Olympics: Zhang Yufei, Emma McKeon Threaten World Record, Tie for Top Seed in 100 Fly

Jul 24, 2021; Tokyo, Japan; Emma McKeon (AUS) during the women's 100m butterfly heats during the Tokyo 2020 Olympic Summer Games at Tokyo Aquatics Centre. Mandatory Credit: Rob Schumacher-USA TODAY Network
Emma McKeon; Photo Courtesy: Rob Schumacher/USA TODAY Network

Olympics: Zhang Yufei, Emma McKeon Threaten World Record, Tie for Top Seed

The gauntlet has been thrown down in the wide-open women’s 100 butterfly, and already the world-record line has gotten  a stiff test.

The five-year-old record endured a couple of scares Saturday night at the first women’s even of the Tokyo Olympics, the most threatening lodged by Zhang Yufei and Emma McKeon. Those two enter as the co-top seeds for Sunday morning’s semifinal. Swimming in the final heat, they touched the wall in identical times of 55.82, within .34 of the world record set in Rio in 2016 by Sarah Sjostrom.

Sjostrom had set the pace in the heat before, rallying to get the better of Torri Huske. Huske went out under world-record pace for the first three-quarters of heat 4 of 5, but Sjostrom reeled her in, touching first in 56.18, her fastest time of the last two years. Huske was second in 56.29. They’re the third and fourth seeds, respectively.

Sjostrom, the reigning Olympic champion, underwent surgery on an elbow fracture in February. The 27-year-old was back in the water less than a month into what was supposed to be a three-month recovery. Her injury introduced intrigue to the race, as did the rapid emergence of two American teenage stars, Huske and Claire Curzan.

Reigning world champion Maggie MacNeil won the third heat with ease in 56.55, setting the Canadian up as the fifth seed in semifinals.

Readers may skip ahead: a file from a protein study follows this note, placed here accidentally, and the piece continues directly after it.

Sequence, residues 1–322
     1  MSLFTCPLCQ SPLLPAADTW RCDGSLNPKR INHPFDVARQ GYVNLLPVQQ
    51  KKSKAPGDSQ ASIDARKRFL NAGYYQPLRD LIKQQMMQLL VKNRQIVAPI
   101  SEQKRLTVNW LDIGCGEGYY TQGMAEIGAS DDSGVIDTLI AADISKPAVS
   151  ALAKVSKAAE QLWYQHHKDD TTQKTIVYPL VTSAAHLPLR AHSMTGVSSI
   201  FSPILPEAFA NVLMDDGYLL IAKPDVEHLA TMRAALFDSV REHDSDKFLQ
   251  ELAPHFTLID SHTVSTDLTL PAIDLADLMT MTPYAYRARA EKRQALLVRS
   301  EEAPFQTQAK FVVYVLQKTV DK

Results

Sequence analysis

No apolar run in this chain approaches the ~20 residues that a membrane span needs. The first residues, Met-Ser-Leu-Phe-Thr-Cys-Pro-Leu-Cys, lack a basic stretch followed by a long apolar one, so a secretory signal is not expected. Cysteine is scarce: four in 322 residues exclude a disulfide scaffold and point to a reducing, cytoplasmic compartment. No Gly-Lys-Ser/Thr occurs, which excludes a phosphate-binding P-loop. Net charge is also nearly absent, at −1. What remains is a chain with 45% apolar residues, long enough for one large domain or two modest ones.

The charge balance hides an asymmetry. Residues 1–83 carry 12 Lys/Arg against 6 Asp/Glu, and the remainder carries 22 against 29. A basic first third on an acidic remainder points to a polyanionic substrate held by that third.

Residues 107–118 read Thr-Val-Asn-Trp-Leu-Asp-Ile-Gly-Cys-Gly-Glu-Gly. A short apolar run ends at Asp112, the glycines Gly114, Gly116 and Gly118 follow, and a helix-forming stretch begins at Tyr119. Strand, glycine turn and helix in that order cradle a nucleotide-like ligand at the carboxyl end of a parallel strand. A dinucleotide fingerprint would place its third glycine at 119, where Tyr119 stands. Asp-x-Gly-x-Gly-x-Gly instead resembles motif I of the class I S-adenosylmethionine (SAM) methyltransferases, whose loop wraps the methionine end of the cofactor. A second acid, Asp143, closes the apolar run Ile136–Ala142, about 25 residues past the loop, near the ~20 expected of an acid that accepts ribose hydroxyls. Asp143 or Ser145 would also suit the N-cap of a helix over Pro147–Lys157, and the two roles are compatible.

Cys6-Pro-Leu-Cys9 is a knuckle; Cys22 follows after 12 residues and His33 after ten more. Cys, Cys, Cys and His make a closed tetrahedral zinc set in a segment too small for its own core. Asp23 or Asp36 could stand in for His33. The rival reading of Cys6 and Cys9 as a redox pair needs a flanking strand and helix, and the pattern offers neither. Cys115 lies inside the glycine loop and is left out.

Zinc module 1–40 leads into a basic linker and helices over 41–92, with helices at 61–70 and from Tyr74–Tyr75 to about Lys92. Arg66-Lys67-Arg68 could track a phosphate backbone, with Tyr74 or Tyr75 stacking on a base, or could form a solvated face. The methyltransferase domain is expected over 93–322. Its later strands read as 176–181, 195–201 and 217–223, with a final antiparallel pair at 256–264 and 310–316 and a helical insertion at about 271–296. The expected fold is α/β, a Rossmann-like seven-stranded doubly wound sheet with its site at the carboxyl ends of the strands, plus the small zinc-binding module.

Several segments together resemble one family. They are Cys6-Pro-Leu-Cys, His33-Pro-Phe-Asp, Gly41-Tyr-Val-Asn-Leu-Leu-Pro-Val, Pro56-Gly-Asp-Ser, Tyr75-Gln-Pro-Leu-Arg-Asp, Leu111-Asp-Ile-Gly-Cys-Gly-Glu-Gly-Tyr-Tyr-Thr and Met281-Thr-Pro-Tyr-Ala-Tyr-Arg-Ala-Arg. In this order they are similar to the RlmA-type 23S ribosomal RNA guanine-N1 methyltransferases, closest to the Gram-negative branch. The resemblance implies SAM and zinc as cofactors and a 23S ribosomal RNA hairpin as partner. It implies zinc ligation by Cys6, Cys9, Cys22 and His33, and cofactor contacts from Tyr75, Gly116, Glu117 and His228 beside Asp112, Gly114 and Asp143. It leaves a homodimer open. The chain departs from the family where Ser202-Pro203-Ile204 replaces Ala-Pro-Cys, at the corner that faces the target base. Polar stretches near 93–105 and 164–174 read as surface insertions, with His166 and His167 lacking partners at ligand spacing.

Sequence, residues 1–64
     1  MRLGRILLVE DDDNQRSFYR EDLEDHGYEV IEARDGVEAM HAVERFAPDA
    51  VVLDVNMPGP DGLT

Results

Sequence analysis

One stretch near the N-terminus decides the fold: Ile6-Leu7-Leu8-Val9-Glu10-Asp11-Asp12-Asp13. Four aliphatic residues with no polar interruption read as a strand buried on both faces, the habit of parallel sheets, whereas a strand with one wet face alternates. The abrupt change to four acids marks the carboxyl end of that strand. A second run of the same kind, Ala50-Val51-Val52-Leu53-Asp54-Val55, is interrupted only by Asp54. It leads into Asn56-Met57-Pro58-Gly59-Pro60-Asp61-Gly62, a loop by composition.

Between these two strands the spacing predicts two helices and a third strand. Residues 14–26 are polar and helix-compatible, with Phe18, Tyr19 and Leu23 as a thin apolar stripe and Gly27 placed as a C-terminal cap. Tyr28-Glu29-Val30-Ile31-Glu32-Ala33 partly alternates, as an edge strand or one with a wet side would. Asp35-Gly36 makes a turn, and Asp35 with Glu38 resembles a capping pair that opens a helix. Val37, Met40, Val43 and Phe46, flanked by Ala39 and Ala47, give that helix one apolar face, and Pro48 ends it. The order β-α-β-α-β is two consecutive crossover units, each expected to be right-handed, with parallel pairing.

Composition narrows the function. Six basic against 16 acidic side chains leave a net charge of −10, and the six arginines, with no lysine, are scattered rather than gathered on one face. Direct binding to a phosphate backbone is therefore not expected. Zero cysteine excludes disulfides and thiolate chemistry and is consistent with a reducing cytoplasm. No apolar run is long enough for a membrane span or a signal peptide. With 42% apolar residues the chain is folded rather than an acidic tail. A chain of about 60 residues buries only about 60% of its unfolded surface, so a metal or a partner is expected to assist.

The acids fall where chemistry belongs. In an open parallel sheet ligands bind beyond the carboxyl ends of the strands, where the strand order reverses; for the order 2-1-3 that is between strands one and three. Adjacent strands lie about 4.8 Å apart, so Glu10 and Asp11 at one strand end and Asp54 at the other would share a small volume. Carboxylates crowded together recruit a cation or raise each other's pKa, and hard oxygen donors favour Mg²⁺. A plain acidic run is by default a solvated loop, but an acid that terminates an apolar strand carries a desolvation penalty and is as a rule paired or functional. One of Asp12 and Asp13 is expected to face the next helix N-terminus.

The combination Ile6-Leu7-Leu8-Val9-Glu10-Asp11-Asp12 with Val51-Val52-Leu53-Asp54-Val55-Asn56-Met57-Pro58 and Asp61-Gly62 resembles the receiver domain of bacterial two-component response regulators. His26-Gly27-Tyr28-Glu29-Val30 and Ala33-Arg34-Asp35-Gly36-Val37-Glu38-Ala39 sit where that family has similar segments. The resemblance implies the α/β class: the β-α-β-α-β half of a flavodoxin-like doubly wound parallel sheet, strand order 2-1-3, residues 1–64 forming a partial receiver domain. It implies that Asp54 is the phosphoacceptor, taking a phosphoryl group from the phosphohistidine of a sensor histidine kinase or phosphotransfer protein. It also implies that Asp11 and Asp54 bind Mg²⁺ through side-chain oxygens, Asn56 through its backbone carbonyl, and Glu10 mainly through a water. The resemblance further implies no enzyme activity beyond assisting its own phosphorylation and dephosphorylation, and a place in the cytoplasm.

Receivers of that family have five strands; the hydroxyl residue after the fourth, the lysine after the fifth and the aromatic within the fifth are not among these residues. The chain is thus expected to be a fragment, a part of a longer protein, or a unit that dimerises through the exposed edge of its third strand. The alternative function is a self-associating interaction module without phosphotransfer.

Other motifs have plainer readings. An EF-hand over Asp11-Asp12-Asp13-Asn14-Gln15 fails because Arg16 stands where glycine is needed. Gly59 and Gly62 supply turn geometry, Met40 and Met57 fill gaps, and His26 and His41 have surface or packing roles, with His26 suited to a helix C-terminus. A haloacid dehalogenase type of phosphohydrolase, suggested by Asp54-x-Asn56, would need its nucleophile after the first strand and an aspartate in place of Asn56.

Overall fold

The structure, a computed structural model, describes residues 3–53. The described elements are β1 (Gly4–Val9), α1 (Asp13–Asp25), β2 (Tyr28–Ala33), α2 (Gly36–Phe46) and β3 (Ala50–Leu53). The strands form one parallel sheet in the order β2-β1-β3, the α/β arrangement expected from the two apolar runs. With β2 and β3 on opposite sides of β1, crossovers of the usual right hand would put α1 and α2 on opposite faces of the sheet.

“It was good to come out and get my first race under my belt, see what I can improve,” MacNeil said. “I feel like my second 50 wasn’t as strong as I would like, so that’s the goal for tomorrow. I’m really inspired by Penny (Oleksiak) and Taylor (Ruck) after seeing what they did in 2016, knowing they are my age. It gave me chills and it’s really exciting to be here with them.”

MacNeil’s countrywoman Katerine Savard made it back in 11th, one spot behind Curzan, who went 57.49. Louise Hansson, Marie Wattel and Anastasiya Shkurdai are also lurking to add international spice to the final.

Women’s 100 fly

  • World Record: Sarah Sjostrom, Sweden, 55.48 (2016)
  • Olympic Record: Sarah Sjostrom, Sweden, 55.48 (2016)
  1. Zhang Yufei, China, 55.82
  2. Emma McKeon, Australia, 55.82
  3. Sarah Sjostrom, Sweden, 56.18
  4. Torri Huske, United States, 56.29
  5. Maggie MacNeil, Canada, 56.55
  6. Louise Hansson, Sweden, 56.97
  7. Anastasiya Shkurdai, Belarus, 56.99
  8. Marie Wattel, France, 57.08
  9. Elena Di Liddo, Italy, 57.41
  10. Claire Curzan, United States, 57.49
  11. Katerine Savard, Canada, 57.51
  12. Ilaria Bianchi, Italy, 57.70
  13. Anna Ntountounaki, Greece, 57.75
  14. Arina Surkova, Russia, 58.02
  15. Svetlana Chimrova, Russia, 58.04
  16. Brianna Throssell, Australia, 58.08